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There are times when a project loses its luster, becomes too much of a burden to finish, the build time has stretched out too long or the owner has added up the total costs involved and decided it isn’t worth it. Such is the case with this ’55 Cadillac Coupe DeVille. Roger Jetter purchased the rough failed remains. He’d been working on a ’48 Cadillac Sedanet but decided this hardtop could be finished in less time http://dailyrubber.com/one-mans-junk-another-mans-treasure-custom-55-cadillac-coupe-deville/
This is the kind of topic that we like to have on the forum, so, I'll start a topic there with your message, with names and other personal ID deleted. I presume that you found me by clicking on my web site on my profile and then on a webmaster e-mail link, because that is how your e-mail came, it seems. I'm not an expert on big blocks but there are people on Caddyinfo that are. I'm sure that some of them will chime in. Whether you have problems, and what problems you have, will depend on several things: 1) How much boost you put on. Up to 5 lbs or so, you should be able to run with a hot street setup with no problems. 2) Your use of the engine. If you just drive it on the street with no more than about 5 psi boost, you should be able to use the stock 472/500 cooling and oil systems without modification. 3) Your compression ratio. The 1970 472 has a 10:1 compression ratio, and if you put a 500 crank in it, the compression will be 10.6:1 unless you use 500 pistons (probably necessary anyway), which will hold the compression ratio to 10:1. That's a lot of compression if you want to run boost. You may need a water spray or octane booster to make that work without detonation, even with 5-7 psi boost. If you plan to take it to the track, even for just a quarter-mile run once in a while, you should consider a water spray, an external oil cooler and fan, and possibly increased cooling. Anything more than that will need a full-bore HD competition oil and water cooling setup. If you want to run a lot of boost and/or nitrous, you will need an intercooler and the compression ratio will have to come down. I would look at 9:1 forged dished pistons that are specially made for boost engines in competition, for example. Your existing engine is rated at 375 hp, one of the highest rated outputs for big-block Cadillacs. The 500 is rated at 400 hp. I suspect that your transmission would benefit from a rebuild by someone who specializes in ruggedized clutches for road and track, and an external transmission cooler and fan. I would leave the torque converter alone unless you put a really wild cam in it and don't want to drive it on the street. High stall rate torque converters leave you stirring fluid and putting horsepower into heating the transmission 99% of the time on the street. Note that a stall rate over about 2200 rpm may be OK in the highway but not so good around town, and terrible for in-town gas mileage. Match the stall rate with the cam you select. Brakes and suspension are a whole other topic. Of course, if you increase the engine output by 50%, you will need to increase the brake capacity by 50%. I believe that this car came with disc front, drum rear brakes. You may want to consider upgrading the rear to disks. PowerStop may have a good street-and-track kit. Your suspension will need more than stiff shocks to keep the shiny side up if you go to 600 hp with your car. The car comes with L-78/15 tires/wheels, and the alignment specs are a setup for a smooth cruiser; you will need a tight suspension to keep control when things start happening a whole lot faster.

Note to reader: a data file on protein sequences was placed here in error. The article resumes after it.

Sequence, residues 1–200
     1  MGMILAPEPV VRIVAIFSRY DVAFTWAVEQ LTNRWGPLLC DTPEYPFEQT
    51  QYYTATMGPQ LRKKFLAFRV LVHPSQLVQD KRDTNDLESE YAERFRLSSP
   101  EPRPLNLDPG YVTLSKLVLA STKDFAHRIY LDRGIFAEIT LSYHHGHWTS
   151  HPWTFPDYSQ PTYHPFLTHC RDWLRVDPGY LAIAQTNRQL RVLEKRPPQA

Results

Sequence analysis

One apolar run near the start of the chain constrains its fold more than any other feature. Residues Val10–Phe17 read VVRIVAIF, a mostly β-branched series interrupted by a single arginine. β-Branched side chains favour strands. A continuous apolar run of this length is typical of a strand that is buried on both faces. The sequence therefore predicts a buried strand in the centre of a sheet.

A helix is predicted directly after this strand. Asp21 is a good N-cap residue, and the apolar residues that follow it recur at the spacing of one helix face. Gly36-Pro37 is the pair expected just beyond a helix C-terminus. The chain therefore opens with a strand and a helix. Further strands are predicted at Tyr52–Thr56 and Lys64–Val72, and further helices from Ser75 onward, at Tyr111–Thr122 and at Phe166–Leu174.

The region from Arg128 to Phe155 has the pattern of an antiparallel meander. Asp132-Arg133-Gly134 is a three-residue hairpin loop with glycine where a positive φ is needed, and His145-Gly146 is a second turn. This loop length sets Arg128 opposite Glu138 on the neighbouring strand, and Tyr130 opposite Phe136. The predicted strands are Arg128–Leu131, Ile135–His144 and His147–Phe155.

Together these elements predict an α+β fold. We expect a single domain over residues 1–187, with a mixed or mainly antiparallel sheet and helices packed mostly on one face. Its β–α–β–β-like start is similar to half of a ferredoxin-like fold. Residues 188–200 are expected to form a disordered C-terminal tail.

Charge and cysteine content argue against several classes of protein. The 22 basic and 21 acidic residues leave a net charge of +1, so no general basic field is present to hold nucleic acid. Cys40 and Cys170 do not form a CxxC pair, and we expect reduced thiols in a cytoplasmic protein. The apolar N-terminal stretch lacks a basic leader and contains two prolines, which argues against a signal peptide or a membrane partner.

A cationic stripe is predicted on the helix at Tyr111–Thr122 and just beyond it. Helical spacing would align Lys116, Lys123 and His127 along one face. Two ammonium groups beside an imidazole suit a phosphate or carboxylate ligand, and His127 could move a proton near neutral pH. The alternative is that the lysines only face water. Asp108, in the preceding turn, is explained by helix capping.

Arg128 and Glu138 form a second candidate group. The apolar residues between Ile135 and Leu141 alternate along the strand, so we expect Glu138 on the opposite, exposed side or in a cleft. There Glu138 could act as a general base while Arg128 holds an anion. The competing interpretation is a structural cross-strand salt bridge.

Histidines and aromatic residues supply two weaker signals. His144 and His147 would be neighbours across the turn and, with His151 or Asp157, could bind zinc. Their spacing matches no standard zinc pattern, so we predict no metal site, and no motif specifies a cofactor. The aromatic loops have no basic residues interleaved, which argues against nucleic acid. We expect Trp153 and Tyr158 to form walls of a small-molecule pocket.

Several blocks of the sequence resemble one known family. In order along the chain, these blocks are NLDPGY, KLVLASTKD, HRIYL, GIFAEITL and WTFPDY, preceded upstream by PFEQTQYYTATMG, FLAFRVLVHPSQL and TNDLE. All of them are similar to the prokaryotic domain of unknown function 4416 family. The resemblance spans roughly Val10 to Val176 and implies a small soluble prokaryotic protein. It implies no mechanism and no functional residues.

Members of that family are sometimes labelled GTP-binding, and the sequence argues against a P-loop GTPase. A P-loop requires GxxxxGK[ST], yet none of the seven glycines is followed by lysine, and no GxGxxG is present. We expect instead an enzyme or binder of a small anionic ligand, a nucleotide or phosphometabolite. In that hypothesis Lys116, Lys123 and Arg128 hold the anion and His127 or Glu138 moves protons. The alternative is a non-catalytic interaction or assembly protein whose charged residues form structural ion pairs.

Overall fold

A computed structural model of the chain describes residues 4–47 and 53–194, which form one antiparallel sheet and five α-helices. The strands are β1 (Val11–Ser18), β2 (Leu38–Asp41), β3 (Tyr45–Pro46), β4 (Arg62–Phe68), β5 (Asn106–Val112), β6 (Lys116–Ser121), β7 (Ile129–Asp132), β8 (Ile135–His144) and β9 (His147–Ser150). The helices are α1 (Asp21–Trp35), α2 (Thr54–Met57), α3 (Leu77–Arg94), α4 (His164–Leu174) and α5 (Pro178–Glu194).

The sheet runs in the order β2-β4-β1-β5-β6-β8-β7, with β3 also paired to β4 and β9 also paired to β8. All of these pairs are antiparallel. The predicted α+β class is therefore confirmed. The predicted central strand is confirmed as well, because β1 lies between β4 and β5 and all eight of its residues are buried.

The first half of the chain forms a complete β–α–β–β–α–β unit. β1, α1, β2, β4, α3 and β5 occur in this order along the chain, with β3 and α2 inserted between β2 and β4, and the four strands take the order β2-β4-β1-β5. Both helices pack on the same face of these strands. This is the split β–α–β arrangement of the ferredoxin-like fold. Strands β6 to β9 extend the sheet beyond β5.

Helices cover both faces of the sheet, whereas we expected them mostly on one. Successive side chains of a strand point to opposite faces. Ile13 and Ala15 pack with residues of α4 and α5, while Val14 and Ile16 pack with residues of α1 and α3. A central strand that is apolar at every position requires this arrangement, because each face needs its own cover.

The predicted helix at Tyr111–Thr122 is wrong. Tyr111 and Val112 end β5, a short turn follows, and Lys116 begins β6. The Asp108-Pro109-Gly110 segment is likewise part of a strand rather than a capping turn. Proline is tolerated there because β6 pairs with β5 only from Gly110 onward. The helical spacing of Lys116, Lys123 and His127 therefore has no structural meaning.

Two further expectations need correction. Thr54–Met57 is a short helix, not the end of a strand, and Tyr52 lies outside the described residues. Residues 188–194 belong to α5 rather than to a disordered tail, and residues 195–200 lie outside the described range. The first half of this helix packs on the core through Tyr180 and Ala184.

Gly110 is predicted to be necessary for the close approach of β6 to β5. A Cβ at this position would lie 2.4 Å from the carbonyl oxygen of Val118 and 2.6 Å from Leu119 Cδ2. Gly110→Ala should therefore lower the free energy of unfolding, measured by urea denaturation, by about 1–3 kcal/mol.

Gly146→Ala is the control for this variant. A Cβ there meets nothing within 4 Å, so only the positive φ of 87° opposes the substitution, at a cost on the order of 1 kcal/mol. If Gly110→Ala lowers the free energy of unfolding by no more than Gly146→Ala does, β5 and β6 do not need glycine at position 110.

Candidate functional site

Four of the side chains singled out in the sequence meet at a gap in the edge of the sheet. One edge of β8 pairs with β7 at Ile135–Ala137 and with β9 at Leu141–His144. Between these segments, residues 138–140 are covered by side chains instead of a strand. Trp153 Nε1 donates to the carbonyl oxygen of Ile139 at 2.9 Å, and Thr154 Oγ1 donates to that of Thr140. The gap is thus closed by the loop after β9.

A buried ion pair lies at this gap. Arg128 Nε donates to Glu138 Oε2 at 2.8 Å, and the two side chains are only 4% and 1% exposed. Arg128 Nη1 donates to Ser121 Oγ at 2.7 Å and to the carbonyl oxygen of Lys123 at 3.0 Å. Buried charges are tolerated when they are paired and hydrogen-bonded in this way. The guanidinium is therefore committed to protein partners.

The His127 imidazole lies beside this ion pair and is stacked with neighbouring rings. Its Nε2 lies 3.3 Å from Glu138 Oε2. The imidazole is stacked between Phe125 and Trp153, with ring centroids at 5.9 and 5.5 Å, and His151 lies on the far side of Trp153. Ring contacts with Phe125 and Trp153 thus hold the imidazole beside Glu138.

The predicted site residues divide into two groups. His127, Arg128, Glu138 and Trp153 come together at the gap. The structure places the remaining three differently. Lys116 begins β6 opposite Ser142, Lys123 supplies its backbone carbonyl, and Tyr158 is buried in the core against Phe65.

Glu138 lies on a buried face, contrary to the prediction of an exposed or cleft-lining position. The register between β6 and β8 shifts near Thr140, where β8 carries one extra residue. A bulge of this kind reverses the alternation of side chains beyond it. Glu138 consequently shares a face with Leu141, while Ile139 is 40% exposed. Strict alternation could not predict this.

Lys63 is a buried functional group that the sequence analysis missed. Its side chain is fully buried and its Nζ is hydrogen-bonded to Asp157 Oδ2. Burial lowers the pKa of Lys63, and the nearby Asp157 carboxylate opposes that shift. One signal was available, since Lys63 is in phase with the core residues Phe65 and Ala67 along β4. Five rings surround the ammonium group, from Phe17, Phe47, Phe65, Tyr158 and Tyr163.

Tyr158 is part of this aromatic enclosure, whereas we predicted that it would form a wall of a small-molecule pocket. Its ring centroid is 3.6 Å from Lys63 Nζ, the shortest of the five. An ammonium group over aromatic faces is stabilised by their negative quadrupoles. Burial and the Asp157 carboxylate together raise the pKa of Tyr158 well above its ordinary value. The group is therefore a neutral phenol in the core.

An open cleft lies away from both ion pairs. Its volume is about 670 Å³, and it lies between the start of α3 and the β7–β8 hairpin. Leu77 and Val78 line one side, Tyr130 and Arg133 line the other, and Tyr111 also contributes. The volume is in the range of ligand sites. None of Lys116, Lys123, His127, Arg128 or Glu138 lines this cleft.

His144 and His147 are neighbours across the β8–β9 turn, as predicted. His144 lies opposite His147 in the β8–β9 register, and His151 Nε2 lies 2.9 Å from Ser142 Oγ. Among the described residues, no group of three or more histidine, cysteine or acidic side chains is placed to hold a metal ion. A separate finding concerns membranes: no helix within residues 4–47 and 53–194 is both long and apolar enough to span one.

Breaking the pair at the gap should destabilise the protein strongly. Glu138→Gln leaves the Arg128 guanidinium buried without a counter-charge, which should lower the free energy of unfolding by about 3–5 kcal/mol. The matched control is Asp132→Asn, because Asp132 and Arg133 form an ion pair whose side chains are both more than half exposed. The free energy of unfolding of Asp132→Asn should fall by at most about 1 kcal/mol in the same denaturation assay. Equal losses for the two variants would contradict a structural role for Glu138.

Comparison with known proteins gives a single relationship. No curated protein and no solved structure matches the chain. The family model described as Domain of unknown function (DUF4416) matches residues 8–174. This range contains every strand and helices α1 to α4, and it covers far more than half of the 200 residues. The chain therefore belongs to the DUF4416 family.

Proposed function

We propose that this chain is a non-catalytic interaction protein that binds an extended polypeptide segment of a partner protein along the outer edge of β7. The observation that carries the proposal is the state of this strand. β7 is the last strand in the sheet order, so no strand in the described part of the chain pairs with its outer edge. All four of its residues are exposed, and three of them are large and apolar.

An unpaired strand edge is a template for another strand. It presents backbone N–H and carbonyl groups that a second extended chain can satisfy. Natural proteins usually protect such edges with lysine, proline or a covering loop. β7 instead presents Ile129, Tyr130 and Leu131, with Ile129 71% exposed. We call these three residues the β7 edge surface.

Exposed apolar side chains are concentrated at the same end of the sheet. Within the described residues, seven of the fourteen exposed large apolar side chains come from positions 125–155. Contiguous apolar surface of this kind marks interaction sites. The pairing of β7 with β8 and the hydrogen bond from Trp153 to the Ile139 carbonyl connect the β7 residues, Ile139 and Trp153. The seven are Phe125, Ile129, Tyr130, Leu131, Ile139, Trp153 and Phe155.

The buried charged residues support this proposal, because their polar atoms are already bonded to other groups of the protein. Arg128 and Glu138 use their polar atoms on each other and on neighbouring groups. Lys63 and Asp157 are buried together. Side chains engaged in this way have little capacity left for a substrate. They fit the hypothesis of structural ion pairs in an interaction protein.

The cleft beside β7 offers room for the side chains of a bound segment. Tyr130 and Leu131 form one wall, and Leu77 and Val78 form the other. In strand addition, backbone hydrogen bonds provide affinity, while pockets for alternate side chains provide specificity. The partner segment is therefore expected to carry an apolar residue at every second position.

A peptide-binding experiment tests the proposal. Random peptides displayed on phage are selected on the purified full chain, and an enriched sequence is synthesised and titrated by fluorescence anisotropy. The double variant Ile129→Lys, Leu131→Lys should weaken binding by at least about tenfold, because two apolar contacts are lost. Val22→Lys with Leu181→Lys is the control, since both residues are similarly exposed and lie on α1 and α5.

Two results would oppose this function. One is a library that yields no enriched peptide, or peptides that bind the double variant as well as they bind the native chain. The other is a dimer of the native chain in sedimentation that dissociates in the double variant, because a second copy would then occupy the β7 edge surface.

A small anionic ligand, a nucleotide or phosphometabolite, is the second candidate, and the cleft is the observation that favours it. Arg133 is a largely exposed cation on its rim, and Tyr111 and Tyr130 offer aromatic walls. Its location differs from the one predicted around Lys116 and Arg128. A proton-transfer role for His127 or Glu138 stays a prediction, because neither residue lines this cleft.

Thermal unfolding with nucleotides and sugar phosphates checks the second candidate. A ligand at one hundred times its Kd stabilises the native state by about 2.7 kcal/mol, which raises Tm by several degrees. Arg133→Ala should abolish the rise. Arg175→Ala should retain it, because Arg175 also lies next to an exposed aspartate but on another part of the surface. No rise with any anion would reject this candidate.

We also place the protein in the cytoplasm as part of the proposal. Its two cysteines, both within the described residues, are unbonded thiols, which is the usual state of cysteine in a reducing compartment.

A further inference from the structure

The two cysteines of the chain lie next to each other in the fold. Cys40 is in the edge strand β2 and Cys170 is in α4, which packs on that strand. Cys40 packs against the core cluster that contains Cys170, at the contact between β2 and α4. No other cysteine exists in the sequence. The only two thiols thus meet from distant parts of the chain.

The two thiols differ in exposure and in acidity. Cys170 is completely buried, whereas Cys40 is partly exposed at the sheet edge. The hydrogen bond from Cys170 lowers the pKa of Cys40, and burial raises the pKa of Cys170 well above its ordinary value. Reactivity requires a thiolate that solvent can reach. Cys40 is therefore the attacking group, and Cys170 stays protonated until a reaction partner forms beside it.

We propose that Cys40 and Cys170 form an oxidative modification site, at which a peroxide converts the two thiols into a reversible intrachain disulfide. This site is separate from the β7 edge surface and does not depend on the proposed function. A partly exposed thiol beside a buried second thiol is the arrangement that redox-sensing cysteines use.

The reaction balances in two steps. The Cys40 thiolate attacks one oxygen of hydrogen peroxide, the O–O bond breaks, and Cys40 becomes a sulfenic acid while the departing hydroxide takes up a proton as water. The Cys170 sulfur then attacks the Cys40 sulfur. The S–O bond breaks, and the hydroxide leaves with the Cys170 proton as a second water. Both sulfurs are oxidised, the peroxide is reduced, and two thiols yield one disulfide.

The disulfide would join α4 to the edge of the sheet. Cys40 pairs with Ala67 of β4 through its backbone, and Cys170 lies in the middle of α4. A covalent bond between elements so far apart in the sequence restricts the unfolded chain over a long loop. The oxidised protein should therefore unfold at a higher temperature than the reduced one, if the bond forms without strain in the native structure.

My dad and I are huge fans of Cadillacs and Evel Knievel. In the 60s and 70s when Knievel would tour he would show up in the stadiums in his Cadillac Caribou or Mirage with two bikes in the back. I've got a Knievel jump bike so we had to have the Caribou for shows. The Caribou is what I own and had only three windows. The Mirage was another type of cadillac pickup that had a small opera window on the side panels. Long story short, we have been looking for a Caribou ( I like the design better) for years and finally found one in California. We bought it sight unseen and got it here, in Chicago. It was absolute junk, the bed and roof are all one piece of fiberglass. The rest of the car is a completely stock Coupe DeVille. They even left the bottom half of the back seat in under the bed. Ours was in such poor disrepair that we bought another coupe deville, made the cuts that would have been made when caribou did it, extracted the fiberglass bed from the junk cadillac and made it our own. At the two links below you can see the entire process. A little history on Caribou Coach Builders - Coach builder in the 50s-70s Took Coupes and made them into station wagons, pick ups, lengthened the hood, lots of weird conversions that never really took off Gene Winfield, a good friend of mine and famous metal fabricator, ran the shop and built most of the Caribous by hand Only five are known to have been built in 1973. I've done tons of research and can only find three (including mine) They were marketed to "the man who already has everything" http://blog.hemmings.com/index.php/tag/cadillac-caribou/ There are tons of blogs. Its a neat little thing. Thanks for the interest. Also feel free to take a look around at all our cars. Im 19 and my fathers 48, we just love Cadillacs. We build and restore them strictly as a hobby and own around 15 of them. Our latest project is a 1955 Cadillac Convertible rest-mod with a fuel injected 2010 GM LS-2 engine, 4L60E Trans, Air/Heat, and all power options. http://geezer-racing.com/Geezer-Racing.com/Car_Inventory/Pages/1973_Cadillac_Caribou.html http://geezer-racing.com/Geezer-Racing.com/Restorations/Pages/1973_Caribou.html